Not every furnace problem causes the furnace to stop generating heat. For this reason, some heating issues can go overlooked for quite a while before the homeowner realizes they need to call a heating repair contractor. This can be dangerous, especially in the case of a cracked heat exchanger. This is a problem that can easily go undetected, but it is one you really do want to detect and have repaired. Learn the basics in the article so you can protect yourself and pursue repairs as needed.
What is the heat exchanger, and what does it do for the furnace?
Your furnace burns oil, propane, or natural gas to generate heat. But the flame is encased in a metal component known as a heat exchanger. The heat from the fire heats up the heat exchanger, and the heat exchanger heats up the air that blows past it. That warm air is blown out through your home. To put it simply, the heat exchanger separates the flame from the air that gets blown into your home.
Why is a cracked heat exchanger such a concern?
If there is a crack in your heat exchanger, this means there is no longer an impermeable barrier between the flame and the circulated air. As such, any gasses produced as the fuel burns can get blown out into your home. These are not good gasses to breathe in. Carbon monoxide is one gas generated when a flame burns, and it can cause nausea, confusion, and even death. You never want to ignore a cracked heat exchanger because of this risk.
What are the signs of a cracked heat exchanger?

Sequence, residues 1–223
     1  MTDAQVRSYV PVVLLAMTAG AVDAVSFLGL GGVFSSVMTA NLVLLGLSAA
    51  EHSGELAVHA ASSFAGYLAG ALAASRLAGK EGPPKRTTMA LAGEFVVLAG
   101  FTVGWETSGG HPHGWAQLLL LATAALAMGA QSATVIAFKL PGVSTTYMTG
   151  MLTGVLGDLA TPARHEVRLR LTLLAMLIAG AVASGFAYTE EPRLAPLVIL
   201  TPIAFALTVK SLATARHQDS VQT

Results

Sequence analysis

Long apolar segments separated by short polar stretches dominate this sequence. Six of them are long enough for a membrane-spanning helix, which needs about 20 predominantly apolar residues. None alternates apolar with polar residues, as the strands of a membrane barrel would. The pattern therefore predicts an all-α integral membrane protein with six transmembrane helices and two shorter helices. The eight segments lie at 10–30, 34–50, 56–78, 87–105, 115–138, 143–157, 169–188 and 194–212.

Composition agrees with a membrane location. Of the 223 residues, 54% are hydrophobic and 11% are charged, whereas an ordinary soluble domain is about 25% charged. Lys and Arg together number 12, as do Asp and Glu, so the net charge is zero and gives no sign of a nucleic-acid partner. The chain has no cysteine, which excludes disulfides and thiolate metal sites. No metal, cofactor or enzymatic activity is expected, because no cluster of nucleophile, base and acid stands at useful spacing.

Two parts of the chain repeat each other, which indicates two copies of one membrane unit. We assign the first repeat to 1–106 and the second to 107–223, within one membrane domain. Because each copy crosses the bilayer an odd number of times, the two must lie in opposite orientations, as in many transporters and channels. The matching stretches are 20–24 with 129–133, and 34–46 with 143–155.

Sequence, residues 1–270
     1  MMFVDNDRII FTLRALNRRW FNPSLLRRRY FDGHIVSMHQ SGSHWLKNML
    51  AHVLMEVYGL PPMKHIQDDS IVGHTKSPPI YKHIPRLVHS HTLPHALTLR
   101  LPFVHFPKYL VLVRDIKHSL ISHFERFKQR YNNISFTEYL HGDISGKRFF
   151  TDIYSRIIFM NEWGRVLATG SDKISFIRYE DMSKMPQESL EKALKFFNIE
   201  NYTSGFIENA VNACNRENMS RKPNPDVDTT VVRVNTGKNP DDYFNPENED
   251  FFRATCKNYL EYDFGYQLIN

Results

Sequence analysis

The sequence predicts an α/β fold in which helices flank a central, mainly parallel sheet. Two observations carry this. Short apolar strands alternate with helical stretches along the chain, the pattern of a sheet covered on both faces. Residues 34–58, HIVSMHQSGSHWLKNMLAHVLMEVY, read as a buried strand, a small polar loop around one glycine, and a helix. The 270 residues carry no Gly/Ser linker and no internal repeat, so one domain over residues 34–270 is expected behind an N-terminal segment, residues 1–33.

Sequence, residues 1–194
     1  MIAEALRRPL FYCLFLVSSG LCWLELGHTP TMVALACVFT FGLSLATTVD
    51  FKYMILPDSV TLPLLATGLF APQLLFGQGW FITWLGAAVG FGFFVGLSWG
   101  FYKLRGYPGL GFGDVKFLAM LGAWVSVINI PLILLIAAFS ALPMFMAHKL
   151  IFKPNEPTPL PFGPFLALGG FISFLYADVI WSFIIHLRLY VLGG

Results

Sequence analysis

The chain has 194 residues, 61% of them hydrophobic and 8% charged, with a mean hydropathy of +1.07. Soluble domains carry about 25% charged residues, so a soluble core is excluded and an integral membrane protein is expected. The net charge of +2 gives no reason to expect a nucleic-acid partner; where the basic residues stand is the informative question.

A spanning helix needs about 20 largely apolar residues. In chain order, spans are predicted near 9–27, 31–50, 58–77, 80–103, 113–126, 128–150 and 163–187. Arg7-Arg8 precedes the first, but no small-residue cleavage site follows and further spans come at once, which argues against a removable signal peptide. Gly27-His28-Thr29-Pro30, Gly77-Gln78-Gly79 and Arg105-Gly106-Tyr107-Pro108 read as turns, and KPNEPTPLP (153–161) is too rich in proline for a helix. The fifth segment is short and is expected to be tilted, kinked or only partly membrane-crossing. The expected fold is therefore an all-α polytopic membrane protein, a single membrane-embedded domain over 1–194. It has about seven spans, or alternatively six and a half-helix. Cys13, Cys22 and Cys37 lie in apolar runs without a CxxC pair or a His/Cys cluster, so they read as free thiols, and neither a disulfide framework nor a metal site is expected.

Your carbon monoxide alarm going off is one sign of a possible cracked heat exchanger. You may also notice a strange odor, which some homeowners compare to that of formaldehyde. Soot accumulating anywhere in or on the furnace is another sure sign of a cracked heat exchanger. If you notice any or all of these signs, call an HVAC contractor for repairs ASAP.
What repairs are needed if your heat exchanger is cracked?
Cracked heat exchangers cannot really be repaired, so if your HVAC contractor confirms that your heat exchanger is, indeed cracked, they will likely recommend replacing the entire heat exchanger. If your furnace is still under warranty, this repair will almost certainly be covered. If your furnace is older, your HVAC contractor can help you weigh the cost of replacing the heat exchanger against the cost of just replacing the older furnace outright.
If you think you may have a cracked heat exchanger, call a local residential furnace repair company sooner rather than later. Just because your furnace is still producing heat does not mean everything is okay.